On the other hand, representative Don Manzullo, a Republican from Rockford, Illinois who co-chairs the House manufacturing caucus, said “there is too much government in manufacturing.” A few minutes later, however, he praised the work of the Argonne National Lab outside Chicago — part of the Department of Energy — and called for emulating the European Union’s approach (a top-down bureaucracy based in Brussels) for defining advanced manufacturing technologies.
In a later panel, Steven Rattner, who directed the Obama administration’s rescue of the American automobile industry, also expressed some reservations about too much government involvement. He said government should not be picking individual winners and losers among manufacturers. Rattner, who has a background in venture capital — he chairs the company managing New York mayor Michael Bloomberg’s personal and philanthropic assets — noted that venture capital and private equity is a difficult business, and urged government not to get involved in it.
“Manufacturing is innovation”
Rattner said government could play a role, but advised instead to focus on high-performance sectors, where the U.S. has a competitive advantage, and the workforce provides a high value-added component. He pointed to the information technology industry as one example.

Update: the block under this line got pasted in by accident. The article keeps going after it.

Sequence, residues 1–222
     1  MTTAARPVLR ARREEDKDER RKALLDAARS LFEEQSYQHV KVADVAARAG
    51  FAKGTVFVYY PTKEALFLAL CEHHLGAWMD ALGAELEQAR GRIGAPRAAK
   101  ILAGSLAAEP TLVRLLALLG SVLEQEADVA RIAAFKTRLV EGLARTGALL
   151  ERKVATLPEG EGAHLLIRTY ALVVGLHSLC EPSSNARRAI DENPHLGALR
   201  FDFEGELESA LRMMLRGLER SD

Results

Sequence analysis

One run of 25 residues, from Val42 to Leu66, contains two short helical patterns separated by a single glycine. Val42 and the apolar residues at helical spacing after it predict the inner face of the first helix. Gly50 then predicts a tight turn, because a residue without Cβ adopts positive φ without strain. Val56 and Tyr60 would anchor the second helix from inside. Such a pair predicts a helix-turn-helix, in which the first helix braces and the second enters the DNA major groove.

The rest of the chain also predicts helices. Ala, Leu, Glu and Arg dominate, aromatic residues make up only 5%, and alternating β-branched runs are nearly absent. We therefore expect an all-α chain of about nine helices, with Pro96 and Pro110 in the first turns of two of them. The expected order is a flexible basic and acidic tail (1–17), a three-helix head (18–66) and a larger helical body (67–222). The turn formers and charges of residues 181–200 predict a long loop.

Mark Muro, a Brookings Institution fellow, noted that “manufacturing is innovation,” not just a result of innovation. Muro said focusing on regional development will take advantage of synergies between R&D and production. He added that high-end services, such as design and finance, are dependent on the close proximity of manufacturing.
The focus on manufacturing jobs and benefits to workers filling those jobs took up much of the agenda. In working with the United Auto Workers during the auto industry rescue, Rattner found the UAW highly sophisticated in workforce issues, and willing to update work rules and cut back on ancillary benefits to save jobs. Rattner also found the auto industry had taken steps to boost its efficiency, which while good for the companies’ competitiveness, also meant the companies would need fewer workers once they regained their health.
Scott Paul, executive director of the Alliance for American Manufacturing, a collaboration between the United Steelworkers and steel manufacturers, said greater efficiency helped save the steel industry. “We now have the most efficient steel industry in the world,” Paul noted. Tassey added that improved productivity helps rather than hurts job prospects. Higher productivity leads to greater market share and expanding output, with the jobs that result higher paid and more stable.